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Israel’s war cabinet is locked between restraint and revenge

Israel warns it has no choice but to respond to attack from Iran

Vowing retribution but urged to show restraint, Israel has yet to agree on its response to an expansive drone and missile strike carried out on its territories by Iran on Saturday.

A Monday meeting of Israel’s five-person war cabinet, headed by Prime Minister Benjamin Netanyahu, concluded without comment on whether the Jewish state will honor its pledge to “exact a price” from Tehran or concede to calls for a measured response from international leaders.

The prolonged deliberation came after the Israeli military said that Iran on Saturday fired more than 300 drones and missiles at its soil. It claimed that it and international allies eliminated 99% of these attacks as part of its now-dubbed “Iron Shield” operation.

The U.S., U.K., France and Jordan assisted in intercepting these threats. Tehran said its assault was in response to an Israeli strike that killed several top commanders at an Iranian consulate in Damascus, Syria, on April 1 — an offensive for which Israel has yet to claim responsibility.

Iran said the Saturday hostilities have “concluded” its retaliation — and Israel is now left to consider next steps.

The Israeli war cabinet is set to meet again on Tuesday, according to Reuters. The prime minister’s office and foreign ministry did not immediately respond to a CNBC request for comment.

Speaking after the cabinet’s Monday gathering, an Israeli official said the country’s decision-makers believe it is important for any potential response to closely follow the attack, and that such a gesture would be coordinated with Washington, NBC News reports.

Concerns are mounting that the conflict — rooted in the Oct. 7 terror attack undertaken by Palestinian militant group Hamas and Israel’s retaliatory war campaign in the Gaza Strip — will seep into the broader Middle East region. Since October, Israel has traded fire with a spate of other Iran-supported factions, such as Lebanon’s Hezbollah, Yemeni Houthi and Bashar Assad’s Syrian administration.

Some in Israeli war cabinet will want to 'take advantage' of Iranian strike, says ECFR director

Global markets have also been rattled by the hostilities. Oil prices have been bolstered by the potential for disruptions from heavyweight crude producer Iran, and international maritime trade has faced delays and suspensions amid Houthi attacks in the Red Sea.

“There are those in the war cabinet now who will be pushing for a wider campaign in Lebanon against Hezbollah, against Iran itself to take advantage of this moment,” Julien Barnes-Dacey, director of the Middle East & North Africa program at the European Council on Foreign Relations, said on “Street Signs” on Tuesday.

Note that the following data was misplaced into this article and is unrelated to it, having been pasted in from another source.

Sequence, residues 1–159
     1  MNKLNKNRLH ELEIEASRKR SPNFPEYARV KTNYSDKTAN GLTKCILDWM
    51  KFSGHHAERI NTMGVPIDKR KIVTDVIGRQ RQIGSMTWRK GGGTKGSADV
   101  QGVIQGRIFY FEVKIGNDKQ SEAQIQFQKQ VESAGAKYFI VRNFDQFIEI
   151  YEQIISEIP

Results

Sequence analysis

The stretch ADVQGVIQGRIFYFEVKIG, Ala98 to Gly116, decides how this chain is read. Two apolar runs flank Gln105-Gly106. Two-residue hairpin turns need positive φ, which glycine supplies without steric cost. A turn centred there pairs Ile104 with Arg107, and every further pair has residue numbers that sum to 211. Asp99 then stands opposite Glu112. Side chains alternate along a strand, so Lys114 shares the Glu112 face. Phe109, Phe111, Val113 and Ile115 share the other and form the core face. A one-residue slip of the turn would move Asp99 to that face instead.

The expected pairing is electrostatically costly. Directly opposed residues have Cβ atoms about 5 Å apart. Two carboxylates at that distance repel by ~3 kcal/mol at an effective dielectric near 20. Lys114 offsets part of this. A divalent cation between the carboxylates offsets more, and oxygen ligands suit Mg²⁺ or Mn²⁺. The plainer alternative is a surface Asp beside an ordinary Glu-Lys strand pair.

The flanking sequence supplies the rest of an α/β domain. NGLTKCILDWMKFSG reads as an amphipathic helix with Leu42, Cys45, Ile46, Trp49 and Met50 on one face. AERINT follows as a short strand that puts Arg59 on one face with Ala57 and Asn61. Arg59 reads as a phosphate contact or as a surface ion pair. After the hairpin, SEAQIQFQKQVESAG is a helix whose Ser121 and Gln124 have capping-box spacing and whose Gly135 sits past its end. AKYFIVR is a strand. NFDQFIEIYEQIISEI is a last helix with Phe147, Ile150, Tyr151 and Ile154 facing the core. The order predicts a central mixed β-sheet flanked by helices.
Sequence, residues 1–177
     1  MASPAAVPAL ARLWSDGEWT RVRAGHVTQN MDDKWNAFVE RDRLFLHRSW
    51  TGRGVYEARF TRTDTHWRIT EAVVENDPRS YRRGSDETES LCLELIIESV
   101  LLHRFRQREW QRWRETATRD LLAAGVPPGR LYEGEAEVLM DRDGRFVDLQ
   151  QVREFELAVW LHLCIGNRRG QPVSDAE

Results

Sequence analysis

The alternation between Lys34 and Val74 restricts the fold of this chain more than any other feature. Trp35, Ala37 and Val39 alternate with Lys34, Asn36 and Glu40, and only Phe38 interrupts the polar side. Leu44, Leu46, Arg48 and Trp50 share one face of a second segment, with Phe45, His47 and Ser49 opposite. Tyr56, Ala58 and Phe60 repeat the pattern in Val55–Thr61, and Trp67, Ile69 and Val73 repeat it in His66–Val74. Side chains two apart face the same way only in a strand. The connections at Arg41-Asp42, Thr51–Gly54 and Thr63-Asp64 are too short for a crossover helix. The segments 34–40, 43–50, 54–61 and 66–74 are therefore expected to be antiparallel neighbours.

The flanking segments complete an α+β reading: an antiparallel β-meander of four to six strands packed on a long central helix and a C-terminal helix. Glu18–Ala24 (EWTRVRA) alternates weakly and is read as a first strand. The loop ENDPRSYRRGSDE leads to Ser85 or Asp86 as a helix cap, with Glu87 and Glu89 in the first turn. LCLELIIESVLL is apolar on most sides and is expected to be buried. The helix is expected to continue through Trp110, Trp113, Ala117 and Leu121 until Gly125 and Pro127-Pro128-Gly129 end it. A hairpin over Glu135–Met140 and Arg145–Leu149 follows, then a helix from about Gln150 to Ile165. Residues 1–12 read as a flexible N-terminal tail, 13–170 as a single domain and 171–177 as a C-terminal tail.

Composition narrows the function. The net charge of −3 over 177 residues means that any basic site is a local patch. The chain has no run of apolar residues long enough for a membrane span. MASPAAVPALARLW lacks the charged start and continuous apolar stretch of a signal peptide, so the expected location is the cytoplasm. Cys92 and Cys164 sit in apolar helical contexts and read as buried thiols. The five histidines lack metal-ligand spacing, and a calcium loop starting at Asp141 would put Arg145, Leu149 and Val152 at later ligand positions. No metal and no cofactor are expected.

‘Mr. Security’

Netanyahu, who has previously battled fraud and corruption charges and civil protests over his proposed judicial reforms, faces domestic pressure to assume a hard line against Iran – and international ones to stand down.

In a Google-translated social media post, Israel’s Foreign Minister Israel Katz said he is mobilizing a “diplomatic offensive” against Iran, noting that he has sent 32 world figures a letter “calling for calling for sanctions to be imposed on the Iranian missile project and that the Islamic Revolutionary Guard Corps be declared a terrorist organization.”

The Israeli military has also signaled its readiness to respond: “Iran will face the consequences for its actions. We will choose our response accordingly,” IDF Chief of General Staff Herzi Halevi said Monday night in a video address.

Yet U.S. officials say a potential Israeli retaliation could be restricted in scope to strikes against Iranian military forces and Iranian-backed proxies outside of Iranian territory, four U.S. officials told NBC News, with three sources adding that Washington does not intend to participate in such an offensive.

CNBC could not independently verify these reports.

“All that is left of “Mr. Security” is a village of ruins from Bari to Kiryat Shmona, and a complete loss of Israeli deterrence,” Israeli opposition leader Yair Lapid said of Netanyahu on social media, according to a Google translation. “It’s election time, now.”

Iran 'declared war' on Israel, former Israeli prime minister says

But Ehud Olmert, former Israeli prime minister, told CNBC’s Dan Murphy that the absence of casualties and limited damage resulting from the Saturday attack means Israel may now “act in a quieter and more restrained and more reserved manner to somehow bring to a halt a direct confrontation with Iran.”

He acknowledged that Netanyahu is under strain from right-wing groups within the cabinet that are demanding a very “tough and painful reprisal” against Israel, but stressed “it’d be a mistake to attack Iran now. We defeated Iran on Saturday night.”

He added, “[U.S. President Joe] Biden wants to contain the situation, not to allow it to expand, and we all are in the same page with President Biden.”

The U.S. leader, who previously vowed “ironclad” commitment to Israel, has told Netanyahu that the White House would not join offensive operations against Iran, a senior administration official told NBC News.

World leaders across Europe, Asia-Pacific and the Middle East have widely called for calm, with Saudi Arabia — a now reconciled former foe of Iran — urging “the utmost levels of restraint.”

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